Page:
It is clear that the sooner an injured party begins to receive treatment and undergo rehabilitation, the higher the chances of success in their recovery are. We know that with brain injuries, the greatest visible progress occurs in the first six months post-injury.
The Rehabilitation Code (updated in 2015) recognises this, and puts in place a framework for collaboration between parties to a claim with the aim of obtaining treatment for the claimant early on in the process, to be paid for by the defendant. The claimant will be reviewed in an Immediate Needs Assessment, which will recommend treatment and equipment that would be beneficial and provide ongoing support for the claimant. The defendant will then be presented with these and will consider whether to fund these. This can mean that the claimant will have access to equipment or treatment that can help them in their day to day recovery perhaps more quickly than they would be able to have under the NHS, or perhaps treatment that wouldn’t be available at all under the NHS.
Brain injuries are inherently complex, and can involve loss of function or mobility in the body or limbs, cognitive issues, changes in personalities and psychological effects. During this time of technical development as well as greater understanding of injuries - including the psychological impact of a brain injury - the Rehabilitation Code is a very useful tool at the disposal of a claimant’s solicitor to ensure that their client is given the best tools for a successful recovery.
Recently developed technologies and techniques include the use of virtual reality (VR) to aid recovery. VR is used to increase stimulation of the brain and also to help with patient mood and engagement. There have also been huge developments and progress made in the exoskeleton arena, and developments in technologies used to help with physical mobility and function. As a society, we have a greater understanding of treatments that are also beneficial to us psychologically, and this has led to greater availability of therapies, counselling, mindfulness, art therapies and many more. Defendants are also having to accept these and are becoming more willing to fund these types of treatments.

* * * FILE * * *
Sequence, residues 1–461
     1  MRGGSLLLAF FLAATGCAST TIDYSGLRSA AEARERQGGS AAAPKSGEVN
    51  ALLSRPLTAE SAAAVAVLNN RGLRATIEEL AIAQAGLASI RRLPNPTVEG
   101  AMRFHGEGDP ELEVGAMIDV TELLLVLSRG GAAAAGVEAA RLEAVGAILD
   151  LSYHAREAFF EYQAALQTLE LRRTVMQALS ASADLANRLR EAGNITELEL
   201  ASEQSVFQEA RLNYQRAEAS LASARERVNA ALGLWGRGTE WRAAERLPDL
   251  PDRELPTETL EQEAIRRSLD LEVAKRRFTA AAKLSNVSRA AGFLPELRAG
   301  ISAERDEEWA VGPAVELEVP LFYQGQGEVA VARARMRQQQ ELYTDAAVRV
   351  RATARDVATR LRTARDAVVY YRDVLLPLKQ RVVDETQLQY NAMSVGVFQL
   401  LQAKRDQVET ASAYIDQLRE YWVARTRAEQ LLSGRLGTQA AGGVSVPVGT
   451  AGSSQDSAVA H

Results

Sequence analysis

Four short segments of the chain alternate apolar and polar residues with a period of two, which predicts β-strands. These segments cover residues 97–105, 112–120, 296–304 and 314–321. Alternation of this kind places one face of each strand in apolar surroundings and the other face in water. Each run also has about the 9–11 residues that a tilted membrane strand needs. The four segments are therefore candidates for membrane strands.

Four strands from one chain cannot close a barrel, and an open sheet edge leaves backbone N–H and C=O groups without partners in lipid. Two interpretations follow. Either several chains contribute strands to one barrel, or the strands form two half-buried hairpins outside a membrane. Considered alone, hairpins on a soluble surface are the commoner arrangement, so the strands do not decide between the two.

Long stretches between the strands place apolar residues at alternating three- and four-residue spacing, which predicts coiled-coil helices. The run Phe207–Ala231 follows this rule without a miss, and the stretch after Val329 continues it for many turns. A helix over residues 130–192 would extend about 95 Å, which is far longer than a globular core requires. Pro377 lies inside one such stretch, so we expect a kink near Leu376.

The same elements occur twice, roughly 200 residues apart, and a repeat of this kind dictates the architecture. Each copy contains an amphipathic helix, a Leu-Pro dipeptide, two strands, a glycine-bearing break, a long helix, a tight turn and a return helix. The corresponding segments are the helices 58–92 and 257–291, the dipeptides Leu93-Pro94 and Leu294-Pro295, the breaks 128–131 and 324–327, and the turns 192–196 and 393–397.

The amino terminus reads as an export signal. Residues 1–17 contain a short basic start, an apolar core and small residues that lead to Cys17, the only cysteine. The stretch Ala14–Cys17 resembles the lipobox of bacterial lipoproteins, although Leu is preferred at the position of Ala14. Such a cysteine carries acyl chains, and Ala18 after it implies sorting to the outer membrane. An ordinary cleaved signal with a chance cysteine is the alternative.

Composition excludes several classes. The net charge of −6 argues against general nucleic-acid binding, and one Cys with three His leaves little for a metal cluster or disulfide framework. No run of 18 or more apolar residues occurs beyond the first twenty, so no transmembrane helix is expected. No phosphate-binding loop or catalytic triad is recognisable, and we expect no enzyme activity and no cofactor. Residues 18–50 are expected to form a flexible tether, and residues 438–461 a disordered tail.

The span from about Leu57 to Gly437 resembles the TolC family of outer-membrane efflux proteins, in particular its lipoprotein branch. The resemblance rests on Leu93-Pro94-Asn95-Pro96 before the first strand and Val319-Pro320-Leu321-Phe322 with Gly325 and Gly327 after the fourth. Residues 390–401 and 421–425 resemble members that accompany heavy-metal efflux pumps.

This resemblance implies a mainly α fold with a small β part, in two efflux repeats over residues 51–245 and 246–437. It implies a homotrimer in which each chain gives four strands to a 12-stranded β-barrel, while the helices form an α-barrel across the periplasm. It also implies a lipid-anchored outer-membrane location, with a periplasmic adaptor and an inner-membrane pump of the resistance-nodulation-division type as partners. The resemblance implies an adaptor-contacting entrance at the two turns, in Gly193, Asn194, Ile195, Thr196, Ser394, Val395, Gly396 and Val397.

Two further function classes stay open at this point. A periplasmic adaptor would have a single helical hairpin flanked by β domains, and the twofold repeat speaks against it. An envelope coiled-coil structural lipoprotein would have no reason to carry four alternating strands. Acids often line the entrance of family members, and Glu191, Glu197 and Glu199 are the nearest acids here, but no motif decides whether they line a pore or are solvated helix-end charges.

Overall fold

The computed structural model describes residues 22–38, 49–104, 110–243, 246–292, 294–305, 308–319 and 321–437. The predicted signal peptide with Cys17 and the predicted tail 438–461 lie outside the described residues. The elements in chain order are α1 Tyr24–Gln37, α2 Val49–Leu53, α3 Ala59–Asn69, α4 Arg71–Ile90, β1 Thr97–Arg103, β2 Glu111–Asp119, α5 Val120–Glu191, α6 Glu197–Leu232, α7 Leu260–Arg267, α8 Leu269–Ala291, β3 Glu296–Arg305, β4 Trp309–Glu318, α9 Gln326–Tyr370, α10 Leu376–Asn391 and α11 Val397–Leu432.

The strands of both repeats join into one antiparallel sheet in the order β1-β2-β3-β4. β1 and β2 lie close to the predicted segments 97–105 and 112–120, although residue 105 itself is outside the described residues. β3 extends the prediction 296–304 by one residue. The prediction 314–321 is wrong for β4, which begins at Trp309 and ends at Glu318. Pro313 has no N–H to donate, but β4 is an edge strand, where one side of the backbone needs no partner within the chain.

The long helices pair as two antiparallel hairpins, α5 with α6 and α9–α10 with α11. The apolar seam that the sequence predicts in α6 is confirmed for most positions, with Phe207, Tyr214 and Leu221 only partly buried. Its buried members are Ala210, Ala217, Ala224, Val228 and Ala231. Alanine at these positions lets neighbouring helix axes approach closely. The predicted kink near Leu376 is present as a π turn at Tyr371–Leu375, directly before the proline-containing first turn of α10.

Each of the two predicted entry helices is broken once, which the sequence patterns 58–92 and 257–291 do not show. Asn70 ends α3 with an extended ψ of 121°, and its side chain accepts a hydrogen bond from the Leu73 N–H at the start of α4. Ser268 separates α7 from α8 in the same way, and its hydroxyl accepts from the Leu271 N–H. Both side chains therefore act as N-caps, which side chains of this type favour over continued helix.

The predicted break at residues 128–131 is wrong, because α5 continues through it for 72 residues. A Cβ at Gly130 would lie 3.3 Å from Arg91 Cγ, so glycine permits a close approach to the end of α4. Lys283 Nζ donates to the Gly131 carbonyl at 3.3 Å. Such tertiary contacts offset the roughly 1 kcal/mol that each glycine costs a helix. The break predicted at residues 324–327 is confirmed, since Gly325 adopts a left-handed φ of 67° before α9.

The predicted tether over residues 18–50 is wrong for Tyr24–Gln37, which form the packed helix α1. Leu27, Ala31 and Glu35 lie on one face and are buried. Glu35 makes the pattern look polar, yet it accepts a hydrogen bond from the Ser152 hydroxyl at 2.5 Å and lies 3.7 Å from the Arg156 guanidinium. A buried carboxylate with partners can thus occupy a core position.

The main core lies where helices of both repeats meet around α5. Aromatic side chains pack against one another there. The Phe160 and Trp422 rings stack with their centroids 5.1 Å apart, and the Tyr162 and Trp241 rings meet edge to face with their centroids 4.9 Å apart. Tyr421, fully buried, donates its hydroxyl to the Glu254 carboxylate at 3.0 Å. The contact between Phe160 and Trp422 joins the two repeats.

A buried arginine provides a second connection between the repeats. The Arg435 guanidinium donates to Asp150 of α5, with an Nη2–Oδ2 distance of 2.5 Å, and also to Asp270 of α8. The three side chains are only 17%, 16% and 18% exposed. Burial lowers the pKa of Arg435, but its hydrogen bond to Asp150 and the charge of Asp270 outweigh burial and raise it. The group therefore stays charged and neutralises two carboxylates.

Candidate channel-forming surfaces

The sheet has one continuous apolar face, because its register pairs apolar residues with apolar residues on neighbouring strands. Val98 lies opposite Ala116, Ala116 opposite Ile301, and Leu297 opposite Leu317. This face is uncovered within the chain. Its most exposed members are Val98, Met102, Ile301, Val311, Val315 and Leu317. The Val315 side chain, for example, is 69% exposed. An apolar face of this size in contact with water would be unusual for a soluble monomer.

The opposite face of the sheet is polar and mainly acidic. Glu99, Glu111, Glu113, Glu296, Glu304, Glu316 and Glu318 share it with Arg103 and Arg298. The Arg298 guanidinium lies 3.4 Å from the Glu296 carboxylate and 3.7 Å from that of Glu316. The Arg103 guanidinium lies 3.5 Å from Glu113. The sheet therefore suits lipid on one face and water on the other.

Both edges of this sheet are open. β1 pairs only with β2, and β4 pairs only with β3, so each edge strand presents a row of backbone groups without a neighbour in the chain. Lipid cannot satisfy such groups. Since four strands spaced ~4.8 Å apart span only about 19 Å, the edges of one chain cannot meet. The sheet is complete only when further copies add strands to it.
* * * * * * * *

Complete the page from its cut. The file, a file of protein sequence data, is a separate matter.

One common symptom of a brain injury, and something that has a huge impact on claimant’s lives following an accident, is fatigue. This is becoming an increasingly recognised issue, with techniques and advice available to help to manage fatigue - techniques such as “chunking” which encourages breaking activities up and pacing exercise. It is also important to recognise fatigue for what it is, and make sure that a pattern of restorative sleep is implemented, as well as asking for help when it is needed. Recognising stress or depression is also key, and using techniques such as mindfulness and art therapy for instance can help to keep these in control.
During the Action for Brain Injury Week, where we are supporting the exceptional charity Headway, we are hoping to bring awareness to the fact that early intervention and rehabilitation is the key to achieving optimum recovery for a claimant. Developments in rehabilitation techniques and technology, along with the Rehabilitation Code, create a way in which we as solicitors can have a meaningful and positive impact on client’s lives after devastating accidents.
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- Timescales for Rehabilitation after Brain Injury (read article)
- How do I get help after suffering an Acquired Brain Injury (ABI)? (read article)
- Effects of brain injury on the family and the stress and strains it causes (read article)
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- Brain Injury - Overview (read article)
For further advice on the above topics, please call us on 01483 464222 or alternatively email email@example.com